Road Closures Due To Sewer Project Negatively Impacting Businesses In W-B

September 19, 2018
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Road Closures Due To Sewer Project Negatively Impacting Businesses In W-B

WILKES-BARRE — Football season is usually the busiest time of year for Patte’s Sports Bar, but not this year.

Since sewer work has closed a busy stretch of North River Street between Maple Street and Courtright Avenue for the last five weeks, owner Pat Patte said this has been the slowest his sports bar has been in its

54 years in business.

As a result of the road closure and detours, the amount of people coming for lunch at Patte’s Sports Bar on West Hollenback Avenue has been “terrible,” he said.

“People only have so much time for lunch and if there are 10 detours, they will go somewhere else,” Patte said. “Sometimes you lose customers and you don’t get them back. There’s no way to make any of this up once it’s lost.”

Customers still come for dinner at Patte’s Sports Bar but not as many as usual, he said.

Patte said the project was supposed to be done in phases to minimize impact to businesses, but that wasn’t done.

“People come from different destinations and it’s hard to get here,” Patte said. “We’re a family business. We’re battling the chains. People have to be able to get easy access. People want to get to a place easily. It’s hurting a lot.”

Wyoming Valley Sanitary Authority’s project, that involves installing a new 30-inch diameter wastewater interceptor line beneath North River Street, has been a nightmare for other businesses in the area as well.

Frank Scotto, co-owner of Antonio’s Pizza at 405 N. River St., said he has seen a big drop in business.

“It’s been bad. It’s been really bad,” Scotto said. “It’s like a puzzle to get here.”

Scotto said he realizes the work needs to be done, but was quick to add, “I hope it’s going to be done as quickly as possible. I don’t know how much longer we can hold on. We got bills to pay.”

Mike Smith, owner of Smith’s New & Used Tires at 353 N. River St., said his sales numbers have been down and he knows he can attribute that to the sewer project.

When some people see the “road closed” sign on one part on North River Street, he said some customers think they’re not able to get to his business but it is still accessible and loyal customers still come.

He said while it’s an unfortunate situation, the fortunate thing is he has another location on South Main Street in Wilkes-Barre and a new location on the Sans Souci Highway in Hanover Twp. that are open from 8:30 a.m. to 6 p.m. from Monday through Saturday.

George Tarasek, owner of Tara Tailoring and Custom Clothing at 435 N. River St., said the project has been an inconvenience.

The only way to get to his business is through Courtright Avenue, he said. On Tuesday, there was a 12-foot-deep hole crews dug in front of his store.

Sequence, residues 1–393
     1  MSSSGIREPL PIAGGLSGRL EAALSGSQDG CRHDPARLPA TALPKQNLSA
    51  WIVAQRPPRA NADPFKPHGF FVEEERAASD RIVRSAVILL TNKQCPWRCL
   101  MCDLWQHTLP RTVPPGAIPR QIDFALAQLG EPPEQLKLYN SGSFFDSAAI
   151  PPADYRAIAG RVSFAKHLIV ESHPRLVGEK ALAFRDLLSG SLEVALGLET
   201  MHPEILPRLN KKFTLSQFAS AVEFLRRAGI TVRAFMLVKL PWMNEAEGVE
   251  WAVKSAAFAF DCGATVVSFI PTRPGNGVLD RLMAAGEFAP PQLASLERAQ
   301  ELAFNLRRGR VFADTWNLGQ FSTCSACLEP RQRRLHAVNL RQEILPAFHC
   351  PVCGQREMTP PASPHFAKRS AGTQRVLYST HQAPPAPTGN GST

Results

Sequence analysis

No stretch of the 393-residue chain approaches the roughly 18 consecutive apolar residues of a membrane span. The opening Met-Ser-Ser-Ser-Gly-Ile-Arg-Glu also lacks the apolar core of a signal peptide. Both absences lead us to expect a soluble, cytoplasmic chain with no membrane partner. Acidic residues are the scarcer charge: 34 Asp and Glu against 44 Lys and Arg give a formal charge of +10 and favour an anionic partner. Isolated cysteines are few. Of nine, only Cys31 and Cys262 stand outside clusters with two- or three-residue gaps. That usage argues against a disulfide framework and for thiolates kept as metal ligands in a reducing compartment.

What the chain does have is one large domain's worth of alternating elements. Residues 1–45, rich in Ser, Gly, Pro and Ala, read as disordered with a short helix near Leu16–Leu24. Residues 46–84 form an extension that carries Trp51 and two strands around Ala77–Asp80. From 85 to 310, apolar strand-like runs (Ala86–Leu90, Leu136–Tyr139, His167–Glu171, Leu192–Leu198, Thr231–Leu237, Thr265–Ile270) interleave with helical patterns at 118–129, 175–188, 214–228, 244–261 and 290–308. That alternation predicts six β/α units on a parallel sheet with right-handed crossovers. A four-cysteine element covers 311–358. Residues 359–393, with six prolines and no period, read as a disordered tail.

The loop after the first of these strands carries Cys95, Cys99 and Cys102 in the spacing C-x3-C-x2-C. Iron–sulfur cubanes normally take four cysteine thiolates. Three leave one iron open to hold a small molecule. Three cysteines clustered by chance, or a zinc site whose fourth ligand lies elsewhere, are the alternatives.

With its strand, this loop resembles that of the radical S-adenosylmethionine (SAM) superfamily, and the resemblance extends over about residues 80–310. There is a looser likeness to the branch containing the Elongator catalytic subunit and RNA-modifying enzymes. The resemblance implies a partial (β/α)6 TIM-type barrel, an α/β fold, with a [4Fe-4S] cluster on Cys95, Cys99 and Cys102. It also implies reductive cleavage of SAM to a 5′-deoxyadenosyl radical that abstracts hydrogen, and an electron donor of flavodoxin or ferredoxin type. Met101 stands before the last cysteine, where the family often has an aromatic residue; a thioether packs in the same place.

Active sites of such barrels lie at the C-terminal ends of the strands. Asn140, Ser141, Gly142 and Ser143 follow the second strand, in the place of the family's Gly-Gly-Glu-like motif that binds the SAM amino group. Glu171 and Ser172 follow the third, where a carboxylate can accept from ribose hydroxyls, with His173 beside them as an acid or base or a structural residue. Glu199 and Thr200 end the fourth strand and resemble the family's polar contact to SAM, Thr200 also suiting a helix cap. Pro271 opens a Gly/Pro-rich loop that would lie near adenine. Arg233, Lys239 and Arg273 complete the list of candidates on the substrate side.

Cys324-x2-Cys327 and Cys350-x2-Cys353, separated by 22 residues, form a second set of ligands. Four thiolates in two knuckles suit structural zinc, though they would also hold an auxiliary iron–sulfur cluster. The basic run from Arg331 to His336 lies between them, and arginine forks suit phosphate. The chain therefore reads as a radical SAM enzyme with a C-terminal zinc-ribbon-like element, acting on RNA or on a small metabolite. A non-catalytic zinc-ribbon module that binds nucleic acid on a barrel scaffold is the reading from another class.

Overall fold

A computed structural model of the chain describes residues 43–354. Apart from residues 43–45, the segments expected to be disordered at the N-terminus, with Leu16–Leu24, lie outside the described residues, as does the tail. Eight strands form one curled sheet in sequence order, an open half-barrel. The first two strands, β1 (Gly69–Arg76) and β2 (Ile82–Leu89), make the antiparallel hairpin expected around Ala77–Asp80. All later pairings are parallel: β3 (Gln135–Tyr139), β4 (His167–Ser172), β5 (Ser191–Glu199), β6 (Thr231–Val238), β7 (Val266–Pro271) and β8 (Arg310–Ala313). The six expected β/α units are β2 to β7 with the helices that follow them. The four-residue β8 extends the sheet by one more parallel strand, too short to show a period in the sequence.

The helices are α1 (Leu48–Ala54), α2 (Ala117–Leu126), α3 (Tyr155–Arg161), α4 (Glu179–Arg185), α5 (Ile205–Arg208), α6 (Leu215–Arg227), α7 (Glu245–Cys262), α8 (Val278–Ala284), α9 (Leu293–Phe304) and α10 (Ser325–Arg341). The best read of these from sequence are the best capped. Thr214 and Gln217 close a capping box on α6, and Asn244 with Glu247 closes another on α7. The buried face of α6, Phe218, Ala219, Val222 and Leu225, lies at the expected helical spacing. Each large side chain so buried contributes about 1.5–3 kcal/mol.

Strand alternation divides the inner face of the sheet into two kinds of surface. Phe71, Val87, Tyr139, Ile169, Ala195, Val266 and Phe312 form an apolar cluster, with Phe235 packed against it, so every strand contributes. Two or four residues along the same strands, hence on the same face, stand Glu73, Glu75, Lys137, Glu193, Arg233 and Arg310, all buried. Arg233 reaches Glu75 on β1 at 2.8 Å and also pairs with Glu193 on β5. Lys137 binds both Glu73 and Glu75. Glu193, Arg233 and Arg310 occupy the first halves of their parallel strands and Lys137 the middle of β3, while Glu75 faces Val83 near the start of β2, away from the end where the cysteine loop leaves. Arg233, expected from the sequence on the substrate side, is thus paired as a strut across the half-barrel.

“It’s been hard to get in my parking lot,” Tarasek said. “If you make it inconvenient for people to access your business, they will find alteratives. Believe it or not, some are not even aware of this construction and people from outside the area who try to get here get bottenecked. It’s been terrible with the dust and dirt.”

Tarasek believes the project will get done in the time frame initially projected, however, and he is looking forward to its completion.

The road is closed right next to Wilkes-Barre General Hospital and hospital spokeswoman Renita Fennick said the closure has been an “inconvenience to both our patients and staff and we look forward to the completion of this project.”

People can still access Wilkes-Barre General Hospital from the north from North River Street and from the south from North Main and West Maple streets.

“Fortunately, we have not had any instances of patients not being able to keep their appointments because of the detours and longer travel times and emergency vehicles continue to make it to our emergency department in a timely manner,” Fennick said. “We are appreciative of the community and our employees for their patience.”

They Wyoming Valley Sanitary Authority initially announced the project would be completed in six to eight weeks and spokeswoman Donna Gillis said it’s in its fifth week and is still on track to be completed in that time frame. The project is about 60 percent complete, she said.

Some days of rain and inclement weather and unmarked utility lanes caused some delays, she said.

The state Department of Transportation approved the detour plans and signs and Gillis said the Wyoming Valley Sanitary Authority “did the best we could” to accommodate businesses and commuters.

“We appreciate everyone’s patience,” Gillis said.

Contact the writer:


570-821-2115, @CVAllabaugh

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